Tag: dolphins


July 17th, 2013 — 12:13am


Blackfish –sp  – Many of us have taken children to one of the Sea Worlds or other similar aquariums around the world and enjoyed with them the wonderful antics of the gigantic beautiful killer whales, known as orcas or blackfish, as they interacted with their talented trainers. This documentary film directed and written by Gabriela Cowperthwaite will change your understanding of that experience and may kill any desire to pay any such future visits. The film consists mainly of up close and personal interviews with several former Seaworld trainers intermixed with video clips of these killer whales (which can also  be properly identified as very large dolphins ) both in nature and in captivity. We come to understand that they actually are quite intelligent with larger and more complex brains than humans (seemingly in the part of the brain related to emotions), have methods of communicating by sound and are very family oriented as they exist in pods in nature. We follow the capture of one “small” baby whale, known as a calf as he is separated from this family much to their despair. This one is named Tilikum and we see video footage of him growing up and performing in captivity as we see others also in this position. They are trained by being confined to small places especially at night, rewarded by food (fish) or punished by the lack of it and molded into performing artists who seem to happily be interacting with their trainers to the delight of the public especially screaming appreciative children. Or are they?? We learn of some tragic “accidents” and see video clips of very clear incidents where trainers are injured and even one very experienced popular trainer, Dawn Branchaeau is actually viciously attacked and killed by Tilikum who is now the star of the show. It is suggested that we may be seeing frustrated dangerous animals who are living in unnatural circumstances. While the spokespersons for this multi billion-dollar industry has been trying to cover up and minimize these events, we learn of quite a different version. This film reminds us on one hand of the award wining film, The Cove. It may also be considered in the tradition of the great documentaries that first exposed the cigarette industry and certain aspects of the food or oil businesses. As in these cases, the things that have to be rectified don’t easily change. Just recently OSHA (the federal Occupational Safety and Health Administration) successfully sued Sea World to keep trainers behind barriers during shows. However this may be a drop in the bucket in an attempt to return these beautiful creatures to their natural habitat. In fact, they are now being artificially inseminated and bred in captivity. The full story is yet to be written but this documentary will open your eyes.  (2013)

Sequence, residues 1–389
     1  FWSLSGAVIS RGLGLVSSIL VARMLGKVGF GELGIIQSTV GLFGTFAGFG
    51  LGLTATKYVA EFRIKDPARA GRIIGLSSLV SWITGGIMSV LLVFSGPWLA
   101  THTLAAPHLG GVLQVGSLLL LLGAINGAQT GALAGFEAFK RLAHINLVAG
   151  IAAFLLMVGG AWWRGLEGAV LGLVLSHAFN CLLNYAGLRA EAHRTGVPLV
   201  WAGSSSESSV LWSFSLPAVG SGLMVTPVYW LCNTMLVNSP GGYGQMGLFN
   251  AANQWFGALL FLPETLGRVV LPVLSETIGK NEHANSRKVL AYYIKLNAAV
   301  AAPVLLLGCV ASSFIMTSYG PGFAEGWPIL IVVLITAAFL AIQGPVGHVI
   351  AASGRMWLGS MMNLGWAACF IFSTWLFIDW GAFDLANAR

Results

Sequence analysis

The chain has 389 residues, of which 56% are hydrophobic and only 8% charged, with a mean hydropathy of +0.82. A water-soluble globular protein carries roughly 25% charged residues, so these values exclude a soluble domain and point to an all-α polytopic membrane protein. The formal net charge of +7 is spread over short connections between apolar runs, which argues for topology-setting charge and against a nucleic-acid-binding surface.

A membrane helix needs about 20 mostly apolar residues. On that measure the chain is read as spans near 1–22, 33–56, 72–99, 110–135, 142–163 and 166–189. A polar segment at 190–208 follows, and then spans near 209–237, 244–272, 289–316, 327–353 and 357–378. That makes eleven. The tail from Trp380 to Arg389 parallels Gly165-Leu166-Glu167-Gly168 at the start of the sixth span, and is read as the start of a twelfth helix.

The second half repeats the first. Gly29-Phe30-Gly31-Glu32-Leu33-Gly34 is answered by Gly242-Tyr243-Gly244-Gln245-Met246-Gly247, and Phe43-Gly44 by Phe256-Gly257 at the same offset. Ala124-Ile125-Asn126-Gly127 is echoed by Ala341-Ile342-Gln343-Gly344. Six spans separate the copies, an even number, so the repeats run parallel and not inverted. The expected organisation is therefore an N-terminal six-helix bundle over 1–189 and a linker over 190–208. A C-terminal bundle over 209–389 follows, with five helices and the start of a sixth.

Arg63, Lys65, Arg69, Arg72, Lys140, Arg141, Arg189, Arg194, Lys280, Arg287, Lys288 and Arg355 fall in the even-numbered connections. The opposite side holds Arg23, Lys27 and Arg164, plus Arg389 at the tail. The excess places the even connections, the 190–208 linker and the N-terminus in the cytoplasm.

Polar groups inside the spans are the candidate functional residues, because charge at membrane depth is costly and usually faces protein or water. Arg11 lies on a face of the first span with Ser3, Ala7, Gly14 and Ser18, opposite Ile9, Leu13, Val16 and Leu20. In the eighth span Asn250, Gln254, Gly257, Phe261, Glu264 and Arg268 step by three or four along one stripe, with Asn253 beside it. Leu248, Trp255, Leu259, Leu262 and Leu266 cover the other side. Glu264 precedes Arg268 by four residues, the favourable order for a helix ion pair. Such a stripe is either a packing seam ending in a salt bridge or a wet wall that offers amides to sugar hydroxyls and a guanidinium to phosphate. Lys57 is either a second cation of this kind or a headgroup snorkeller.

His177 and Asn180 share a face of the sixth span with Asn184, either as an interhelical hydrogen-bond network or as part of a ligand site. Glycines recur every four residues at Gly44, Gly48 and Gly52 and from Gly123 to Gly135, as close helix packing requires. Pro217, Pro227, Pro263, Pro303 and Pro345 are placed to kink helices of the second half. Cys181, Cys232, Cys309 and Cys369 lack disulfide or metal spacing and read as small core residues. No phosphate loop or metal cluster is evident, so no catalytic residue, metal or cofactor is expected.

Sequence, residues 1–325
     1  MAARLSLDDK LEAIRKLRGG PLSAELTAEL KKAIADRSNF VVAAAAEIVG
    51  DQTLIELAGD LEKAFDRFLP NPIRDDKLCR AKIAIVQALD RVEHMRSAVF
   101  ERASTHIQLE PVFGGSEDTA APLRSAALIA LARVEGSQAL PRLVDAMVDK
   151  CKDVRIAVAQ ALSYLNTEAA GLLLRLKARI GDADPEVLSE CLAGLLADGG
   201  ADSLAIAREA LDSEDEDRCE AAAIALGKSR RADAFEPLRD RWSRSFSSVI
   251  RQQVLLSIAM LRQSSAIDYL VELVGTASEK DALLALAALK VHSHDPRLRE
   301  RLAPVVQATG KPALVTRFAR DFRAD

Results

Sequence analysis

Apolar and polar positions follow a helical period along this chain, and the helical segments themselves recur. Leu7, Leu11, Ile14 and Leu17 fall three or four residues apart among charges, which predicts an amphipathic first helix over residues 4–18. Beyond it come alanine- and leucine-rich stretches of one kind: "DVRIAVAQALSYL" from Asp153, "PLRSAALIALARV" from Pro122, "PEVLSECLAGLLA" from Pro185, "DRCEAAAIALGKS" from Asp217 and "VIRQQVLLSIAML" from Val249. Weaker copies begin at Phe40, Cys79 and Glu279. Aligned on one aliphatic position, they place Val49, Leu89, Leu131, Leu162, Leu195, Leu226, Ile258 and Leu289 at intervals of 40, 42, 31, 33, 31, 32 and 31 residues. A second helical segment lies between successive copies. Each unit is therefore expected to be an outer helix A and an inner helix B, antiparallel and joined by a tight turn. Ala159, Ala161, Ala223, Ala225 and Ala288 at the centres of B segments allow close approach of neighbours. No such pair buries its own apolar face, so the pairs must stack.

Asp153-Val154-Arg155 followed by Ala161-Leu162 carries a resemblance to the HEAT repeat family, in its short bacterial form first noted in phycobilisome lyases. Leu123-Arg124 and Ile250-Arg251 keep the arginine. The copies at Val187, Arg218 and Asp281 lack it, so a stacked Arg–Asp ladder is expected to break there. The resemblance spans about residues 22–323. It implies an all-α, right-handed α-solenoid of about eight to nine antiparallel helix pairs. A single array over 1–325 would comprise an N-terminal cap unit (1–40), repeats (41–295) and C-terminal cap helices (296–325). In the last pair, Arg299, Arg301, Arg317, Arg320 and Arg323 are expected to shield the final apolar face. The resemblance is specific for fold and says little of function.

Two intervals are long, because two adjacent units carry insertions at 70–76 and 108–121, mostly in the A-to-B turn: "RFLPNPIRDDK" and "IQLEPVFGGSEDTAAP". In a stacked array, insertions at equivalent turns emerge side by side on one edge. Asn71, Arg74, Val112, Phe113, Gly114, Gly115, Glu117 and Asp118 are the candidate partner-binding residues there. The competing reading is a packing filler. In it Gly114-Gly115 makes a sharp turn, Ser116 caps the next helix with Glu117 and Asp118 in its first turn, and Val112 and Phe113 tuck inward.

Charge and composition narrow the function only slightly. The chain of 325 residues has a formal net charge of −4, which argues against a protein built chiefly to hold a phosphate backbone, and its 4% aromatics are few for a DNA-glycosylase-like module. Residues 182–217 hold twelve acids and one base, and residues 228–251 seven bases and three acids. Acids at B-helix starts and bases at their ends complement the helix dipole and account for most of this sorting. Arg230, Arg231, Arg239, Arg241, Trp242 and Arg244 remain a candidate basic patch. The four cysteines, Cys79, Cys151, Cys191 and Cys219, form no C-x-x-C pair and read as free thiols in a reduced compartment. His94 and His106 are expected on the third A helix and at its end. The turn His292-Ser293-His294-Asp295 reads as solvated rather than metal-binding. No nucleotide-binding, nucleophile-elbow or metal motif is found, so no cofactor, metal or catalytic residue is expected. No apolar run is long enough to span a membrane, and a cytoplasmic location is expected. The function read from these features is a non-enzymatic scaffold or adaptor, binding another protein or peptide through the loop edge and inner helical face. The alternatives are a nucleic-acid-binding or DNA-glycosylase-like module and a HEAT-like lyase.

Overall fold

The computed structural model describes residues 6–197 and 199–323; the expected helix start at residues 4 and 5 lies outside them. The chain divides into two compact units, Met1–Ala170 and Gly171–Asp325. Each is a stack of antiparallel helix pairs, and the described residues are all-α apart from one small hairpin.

1 comment » | 4 Stars, Documentary

The Cove

September 7th, 2010 — 1:44am

The Cove* * *
The Cove
– sp – Rick Barry , the man who trained the original Flipper the dolphin and made it into a successful TV show which ultimately led to Dolphin Aquarium Shows and Swim with Dolphin Exhibits all over the world, has had a change of heart. He now believes these intelligent creatures greatly suffer by being in captivity and should be allowed to run free. He has identified a cove near Taijii, Japan where thousands of dolphins are both regularly captured and sold into captivity or are slaughtered and their meat which has toxic mercury levels are shipped all over the world for food consumption, often labeled as whale meat.

Mr. Barry has connected with film maker Louie Psihoyos to make this documentary film which features a clandestine, dangerous undertaking in which the secret activities of capture and murder of the dolphins in this cove are recorded. They used a team of a man and a woman, who have the ability to free dive without scuba equipment, to plant listening devices and video cameras hidden in artificial rocks. The result was a heart wrenching and bloody film sequence which Barry then dramatically presents at an international meeting. While somewhat disjointed and repetitious at times, the story is unique and compelling. The film makers hope that this documentary (which won Audience First Choice at Sundance Film Festival) to be released 7/31/09, will influence world public opinion leading to changes of these terrible practices. (2009)

Comment » | 3 Stars, Documentary

Back to top